In the latest stage of the trade union campaign against the "slave" law that allows employers to signficantly increase overtime work, the MASZSZ confederation has asked the European Commission to intervene. The confederation believes that the increase on the overtime limit to 400 hours a year and the possibility for compensation for additional hours to be spread over 36 months could be in contravention of the Working Time Directive and it wants the European Commission to investigate.
Anti-"slave" law campaign continues
More like this
Sixteen trade unions are working together in a campaign against the "slave law" that will see major changes to rules on working time, with overtime limits increased from 250 hours to 400 hours a year. A national demonstration was organised on 8 December and EPSU sent a message of support. A further national protest is planned for 5 January, with support also coming from civil society organisations. The unions have a range of demands including withdrawal of the overtime proposals, a pay rise for public sector workers, changes to the strike law and improvements to pensions.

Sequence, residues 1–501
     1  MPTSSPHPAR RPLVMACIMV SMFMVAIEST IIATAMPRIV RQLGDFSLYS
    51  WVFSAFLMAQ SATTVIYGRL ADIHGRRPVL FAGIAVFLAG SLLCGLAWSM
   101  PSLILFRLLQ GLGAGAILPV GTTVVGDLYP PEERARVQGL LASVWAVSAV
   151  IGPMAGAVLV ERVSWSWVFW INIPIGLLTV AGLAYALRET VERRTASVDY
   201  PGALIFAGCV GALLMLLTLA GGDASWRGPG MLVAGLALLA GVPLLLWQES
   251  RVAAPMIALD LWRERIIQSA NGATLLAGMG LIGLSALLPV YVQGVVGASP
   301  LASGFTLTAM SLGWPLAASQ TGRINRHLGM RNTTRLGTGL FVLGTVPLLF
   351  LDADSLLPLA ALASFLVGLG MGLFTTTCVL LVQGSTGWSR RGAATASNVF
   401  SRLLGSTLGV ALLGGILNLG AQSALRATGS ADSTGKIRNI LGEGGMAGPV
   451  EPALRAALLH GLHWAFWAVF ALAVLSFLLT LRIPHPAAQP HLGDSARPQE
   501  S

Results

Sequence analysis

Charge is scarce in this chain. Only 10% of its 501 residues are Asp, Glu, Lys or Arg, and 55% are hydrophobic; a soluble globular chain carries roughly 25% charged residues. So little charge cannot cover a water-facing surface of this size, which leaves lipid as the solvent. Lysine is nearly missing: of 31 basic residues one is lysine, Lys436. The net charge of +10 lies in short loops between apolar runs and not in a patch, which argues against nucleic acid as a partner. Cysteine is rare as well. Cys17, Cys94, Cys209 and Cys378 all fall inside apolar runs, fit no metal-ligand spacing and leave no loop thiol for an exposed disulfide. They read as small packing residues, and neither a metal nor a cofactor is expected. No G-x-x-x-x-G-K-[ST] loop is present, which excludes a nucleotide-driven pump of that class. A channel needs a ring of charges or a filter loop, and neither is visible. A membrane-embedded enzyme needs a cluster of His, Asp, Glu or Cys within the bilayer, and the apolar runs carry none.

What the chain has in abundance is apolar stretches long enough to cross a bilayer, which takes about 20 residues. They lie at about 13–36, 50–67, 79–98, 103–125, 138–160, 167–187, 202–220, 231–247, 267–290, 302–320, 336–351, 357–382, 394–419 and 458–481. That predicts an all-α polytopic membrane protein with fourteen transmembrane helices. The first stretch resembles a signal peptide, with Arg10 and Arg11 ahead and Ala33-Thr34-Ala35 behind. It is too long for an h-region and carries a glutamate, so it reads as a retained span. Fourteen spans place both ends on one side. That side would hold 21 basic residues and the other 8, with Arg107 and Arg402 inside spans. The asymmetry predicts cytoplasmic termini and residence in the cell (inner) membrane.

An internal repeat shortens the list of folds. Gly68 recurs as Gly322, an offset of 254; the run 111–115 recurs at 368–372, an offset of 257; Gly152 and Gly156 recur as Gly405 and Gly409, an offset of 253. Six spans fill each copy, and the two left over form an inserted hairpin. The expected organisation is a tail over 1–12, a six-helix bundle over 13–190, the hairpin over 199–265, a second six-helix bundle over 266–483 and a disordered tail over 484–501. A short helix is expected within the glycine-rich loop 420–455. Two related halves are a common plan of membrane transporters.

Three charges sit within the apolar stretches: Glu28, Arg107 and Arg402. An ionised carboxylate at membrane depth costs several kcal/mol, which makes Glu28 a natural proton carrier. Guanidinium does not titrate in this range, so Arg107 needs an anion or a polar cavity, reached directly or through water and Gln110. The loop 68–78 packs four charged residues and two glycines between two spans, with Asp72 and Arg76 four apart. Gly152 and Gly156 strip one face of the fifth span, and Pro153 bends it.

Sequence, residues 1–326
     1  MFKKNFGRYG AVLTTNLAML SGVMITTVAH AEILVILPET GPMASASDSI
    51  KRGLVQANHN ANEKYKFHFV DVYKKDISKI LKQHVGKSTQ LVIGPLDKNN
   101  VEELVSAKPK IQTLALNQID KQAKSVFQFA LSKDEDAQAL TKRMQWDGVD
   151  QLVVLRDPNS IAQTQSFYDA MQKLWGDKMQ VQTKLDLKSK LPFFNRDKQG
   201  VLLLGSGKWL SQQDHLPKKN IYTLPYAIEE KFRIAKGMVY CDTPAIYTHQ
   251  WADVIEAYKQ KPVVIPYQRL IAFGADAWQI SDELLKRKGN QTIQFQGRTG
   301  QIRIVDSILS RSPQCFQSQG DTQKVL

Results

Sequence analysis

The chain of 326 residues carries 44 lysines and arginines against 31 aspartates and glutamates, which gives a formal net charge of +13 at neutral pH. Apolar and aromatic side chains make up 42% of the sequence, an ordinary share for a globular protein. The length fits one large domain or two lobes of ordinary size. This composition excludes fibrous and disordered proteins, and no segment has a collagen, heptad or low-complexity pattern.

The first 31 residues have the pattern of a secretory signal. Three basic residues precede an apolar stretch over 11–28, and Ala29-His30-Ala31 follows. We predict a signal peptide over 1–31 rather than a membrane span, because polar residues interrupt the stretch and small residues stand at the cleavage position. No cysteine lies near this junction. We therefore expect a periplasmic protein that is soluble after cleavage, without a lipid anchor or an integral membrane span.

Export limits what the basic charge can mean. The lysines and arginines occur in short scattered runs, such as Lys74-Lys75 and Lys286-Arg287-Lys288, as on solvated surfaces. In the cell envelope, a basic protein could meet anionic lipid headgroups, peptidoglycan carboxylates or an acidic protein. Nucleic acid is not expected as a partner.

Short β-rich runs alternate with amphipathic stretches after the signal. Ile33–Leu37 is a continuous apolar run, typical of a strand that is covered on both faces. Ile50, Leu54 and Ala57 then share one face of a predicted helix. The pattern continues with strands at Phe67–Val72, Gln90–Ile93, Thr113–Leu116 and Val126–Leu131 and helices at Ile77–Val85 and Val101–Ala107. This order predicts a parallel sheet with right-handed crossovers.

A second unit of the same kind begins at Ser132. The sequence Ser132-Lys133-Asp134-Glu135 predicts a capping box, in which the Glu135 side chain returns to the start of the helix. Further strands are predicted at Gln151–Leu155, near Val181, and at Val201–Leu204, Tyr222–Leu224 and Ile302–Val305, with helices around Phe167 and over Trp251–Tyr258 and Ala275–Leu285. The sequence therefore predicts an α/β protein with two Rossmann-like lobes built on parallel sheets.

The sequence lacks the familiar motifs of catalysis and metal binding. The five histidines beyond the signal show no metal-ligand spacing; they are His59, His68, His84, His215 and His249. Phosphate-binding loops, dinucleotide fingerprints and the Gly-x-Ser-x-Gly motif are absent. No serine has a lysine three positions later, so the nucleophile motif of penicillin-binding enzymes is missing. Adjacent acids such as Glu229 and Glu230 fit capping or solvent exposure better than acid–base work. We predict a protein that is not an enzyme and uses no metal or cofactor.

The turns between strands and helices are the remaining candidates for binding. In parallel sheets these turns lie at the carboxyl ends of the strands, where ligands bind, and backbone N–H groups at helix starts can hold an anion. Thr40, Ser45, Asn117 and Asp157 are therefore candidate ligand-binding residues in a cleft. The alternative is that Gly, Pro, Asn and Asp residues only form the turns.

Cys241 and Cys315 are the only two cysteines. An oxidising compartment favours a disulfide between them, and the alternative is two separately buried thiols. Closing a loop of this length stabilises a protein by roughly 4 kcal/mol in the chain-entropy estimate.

EPSU sent a solidarity message to the unions campaigning hard for a major demonstration against the so-called slave law that will reform overtime rules and allow employers to put pressure on workers to work longer hours. The legislation extends maximum overtime hours from 250 to 400 a year and not only allows employers to pay normal rates of pay but also gives them a period of three years over which workers can be compensated.
The vpod/ssp public services union has been campaigning since last September for hospital workers who need to change into and out of their uniforms to have this changing time recognised as working time. In the latest development, the management of the Limmattal hospital in Zürich has refused to recognise changing time as such but has guaranteed one of two 15-minute break periods that it had not previously endorsed. In the meantime the vpod is busy using legal means to challenge other hospitals for unpaid wages for changing time.